Abstract: To a field k and a finite group G, one associates the derived category of kG-modules, an important invariant that is difficult to understand in general. At least, its tensor-triangulated structure admits a familiar description in terms of the support variety.

We propose to study a refinement, the derived category of G-permutation modules over k. It has interesting interpretations in algebraic geometry, representation theory, and equivariant homotopy theory. We will say a few things we know about its tensor-triangulated structure. This is based on joint work, mostly in progress, with Paul Balmer.

24th Meeting

Date: December 7, 2021; Tuesday.

Time: 4 pm GMT

Speaker: Jérôme Scherer (École Polytechnique Fédérale de Lausanne)

Title: Floyd’s manifold is a conjugation space.

Abstract: This is joint work with Wolfgang Pitsch. We illustrate how equivariant stable homotopy methods can help us recognize the structure of a conjugation space, as introduced by Hausmann, Holm, and Puppe. We first explain their definition and present a characterization in terms of purity (obtained in previous joint work with Nicolas Ricka). We then perform equivariantly Floyd's construction from the 1970’s of a pair of 5- and 10-dimensional manifolds with four cells, relying on Lück and Uribe’s work on equivariant bundles. The 10-dimensional one is a conjugation space.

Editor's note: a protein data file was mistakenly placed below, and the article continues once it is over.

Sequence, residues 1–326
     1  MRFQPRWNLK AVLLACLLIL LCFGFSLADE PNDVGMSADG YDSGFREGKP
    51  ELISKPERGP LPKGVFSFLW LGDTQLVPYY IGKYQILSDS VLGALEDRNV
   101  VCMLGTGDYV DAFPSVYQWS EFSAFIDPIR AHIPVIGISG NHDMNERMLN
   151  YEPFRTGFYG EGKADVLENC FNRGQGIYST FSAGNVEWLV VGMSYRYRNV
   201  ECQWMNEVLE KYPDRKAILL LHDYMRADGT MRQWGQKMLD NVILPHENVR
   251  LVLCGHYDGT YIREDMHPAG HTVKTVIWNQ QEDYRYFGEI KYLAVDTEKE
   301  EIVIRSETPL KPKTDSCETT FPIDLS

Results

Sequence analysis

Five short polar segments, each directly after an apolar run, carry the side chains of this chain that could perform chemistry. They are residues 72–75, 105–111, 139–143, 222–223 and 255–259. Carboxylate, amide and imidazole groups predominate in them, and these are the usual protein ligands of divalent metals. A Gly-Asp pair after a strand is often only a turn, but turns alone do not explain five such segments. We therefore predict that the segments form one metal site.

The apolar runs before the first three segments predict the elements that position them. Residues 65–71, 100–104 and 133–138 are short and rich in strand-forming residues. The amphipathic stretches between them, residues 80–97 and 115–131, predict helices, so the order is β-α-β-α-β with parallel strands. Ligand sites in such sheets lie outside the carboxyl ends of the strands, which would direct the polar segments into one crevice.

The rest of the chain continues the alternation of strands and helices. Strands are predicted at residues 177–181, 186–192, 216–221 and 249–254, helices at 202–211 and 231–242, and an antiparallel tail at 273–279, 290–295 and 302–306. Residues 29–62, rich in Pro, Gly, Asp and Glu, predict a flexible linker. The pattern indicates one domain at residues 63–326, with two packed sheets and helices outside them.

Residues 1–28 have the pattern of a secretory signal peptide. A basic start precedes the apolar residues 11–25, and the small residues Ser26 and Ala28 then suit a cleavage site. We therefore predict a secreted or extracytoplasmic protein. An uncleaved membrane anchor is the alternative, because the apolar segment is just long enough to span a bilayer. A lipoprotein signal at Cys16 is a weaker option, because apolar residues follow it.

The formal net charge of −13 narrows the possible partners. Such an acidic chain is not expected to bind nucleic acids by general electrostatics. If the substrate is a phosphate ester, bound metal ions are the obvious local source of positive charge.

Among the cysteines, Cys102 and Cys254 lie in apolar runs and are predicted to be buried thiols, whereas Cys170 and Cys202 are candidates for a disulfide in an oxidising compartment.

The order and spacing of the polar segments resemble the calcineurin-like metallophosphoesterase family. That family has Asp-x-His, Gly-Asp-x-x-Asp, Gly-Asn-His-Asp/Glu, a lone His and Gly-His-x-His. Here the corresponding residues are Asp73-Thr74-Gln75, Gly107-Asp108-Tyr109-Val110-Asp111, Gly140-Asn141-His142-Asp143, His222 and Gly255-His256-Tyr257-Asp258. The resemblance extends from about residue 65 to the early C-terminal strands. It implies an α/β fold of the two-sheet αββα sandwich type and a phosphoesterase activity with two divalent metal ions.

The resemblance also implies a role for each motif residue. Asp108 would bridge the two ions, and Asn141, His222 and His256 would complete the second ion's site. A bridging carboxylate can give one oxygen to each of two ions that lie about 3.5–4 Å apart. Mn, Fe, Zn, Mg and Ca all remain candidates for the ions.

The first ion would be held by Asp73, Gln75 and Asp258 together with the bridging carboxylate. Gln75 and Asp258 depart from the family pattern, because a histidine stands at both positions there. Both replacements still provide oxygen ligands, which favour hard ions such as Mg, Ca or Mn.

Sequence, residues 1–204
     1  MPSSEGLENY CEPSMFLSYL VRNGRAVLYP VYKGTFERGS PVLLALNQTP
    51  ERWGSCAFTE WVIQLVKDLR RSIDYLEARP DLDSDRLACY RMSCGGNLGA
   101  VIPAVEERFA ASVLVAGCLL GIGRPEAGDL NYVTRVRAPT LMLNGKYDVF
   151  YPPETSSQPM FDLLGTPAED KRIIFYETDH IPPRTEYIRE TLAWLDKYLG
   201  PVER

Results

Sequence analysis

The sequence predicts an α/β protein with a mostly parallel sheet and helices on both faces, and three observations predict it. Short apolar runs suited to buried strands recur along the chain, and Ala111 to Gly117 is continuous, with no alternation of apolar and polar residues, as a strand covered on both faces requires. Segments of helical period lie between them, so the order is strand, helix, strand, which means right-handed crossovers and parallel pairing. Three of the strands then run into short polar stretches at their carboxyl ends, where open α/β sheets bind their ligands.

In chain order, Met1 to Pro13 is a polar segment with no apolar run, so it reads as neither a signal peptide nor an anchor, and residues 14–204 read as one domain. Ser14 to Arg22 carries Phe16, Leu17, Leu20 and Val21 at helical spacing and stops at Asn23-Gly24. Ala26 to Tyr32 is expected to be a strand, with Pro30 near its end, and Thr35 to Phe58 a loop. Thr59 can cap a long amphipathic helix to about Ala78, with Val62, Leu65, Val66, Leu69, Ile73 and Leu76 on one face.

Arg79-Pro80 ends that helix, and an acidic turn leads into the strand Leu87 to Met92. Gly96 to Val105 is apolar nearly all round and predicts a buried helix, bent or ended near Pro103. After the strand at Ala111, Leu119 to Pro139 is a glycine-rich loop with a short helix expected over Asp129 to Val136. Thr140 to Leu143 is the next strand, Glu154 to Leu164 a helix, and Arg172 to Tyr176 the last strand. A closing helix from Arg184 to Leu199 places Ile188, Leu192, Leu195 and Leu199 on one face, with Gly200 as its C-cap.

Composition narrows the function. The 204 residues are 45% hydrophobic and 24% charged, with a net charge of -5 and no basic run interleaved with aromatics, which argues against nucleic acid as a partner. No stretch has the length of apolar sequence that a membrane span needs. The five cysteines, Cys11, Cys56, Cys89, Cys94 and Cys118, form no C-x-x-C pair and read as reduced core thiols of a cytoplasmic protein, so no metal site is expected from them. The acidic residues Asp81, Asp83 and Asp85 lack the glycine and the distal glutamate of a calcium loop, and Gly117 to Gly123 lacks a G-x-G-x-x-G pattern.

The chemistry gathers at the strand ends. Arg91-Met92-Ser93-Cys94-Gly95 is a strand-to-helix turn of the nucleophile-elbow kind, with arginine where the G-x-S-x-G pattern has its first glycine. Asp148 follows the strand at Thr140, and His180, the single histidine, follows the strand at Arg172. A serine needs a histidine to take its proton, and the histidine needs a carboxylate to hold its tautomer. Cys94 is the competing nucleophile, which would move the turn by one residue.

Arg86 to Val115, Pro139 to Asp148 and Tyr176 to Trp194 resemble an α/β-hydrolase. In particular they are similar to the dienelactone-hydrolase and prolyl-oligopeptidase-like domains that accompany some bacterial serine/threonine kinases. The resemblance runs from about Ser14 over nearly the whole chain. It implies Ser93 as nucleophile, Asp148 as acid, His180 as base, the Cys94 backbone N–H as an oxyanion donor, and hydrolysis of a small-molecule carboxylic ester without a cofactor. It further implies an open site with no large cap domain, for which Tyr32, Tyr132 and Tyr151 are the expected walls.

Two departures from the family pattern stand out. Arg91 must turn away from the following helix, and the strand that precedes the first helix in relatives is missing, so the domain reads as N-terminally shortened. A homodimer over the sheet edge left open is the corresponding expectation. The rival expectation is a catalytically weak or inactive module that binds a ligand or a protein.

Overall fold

23rd Meeting

Date: November 30, 2021; Tuesday.

Time: 1 pm GMT

Speaker: Amnon Neeman (The Australian National University, Canberra)

Title: Finite approximations as a tool for studying triangulated categories.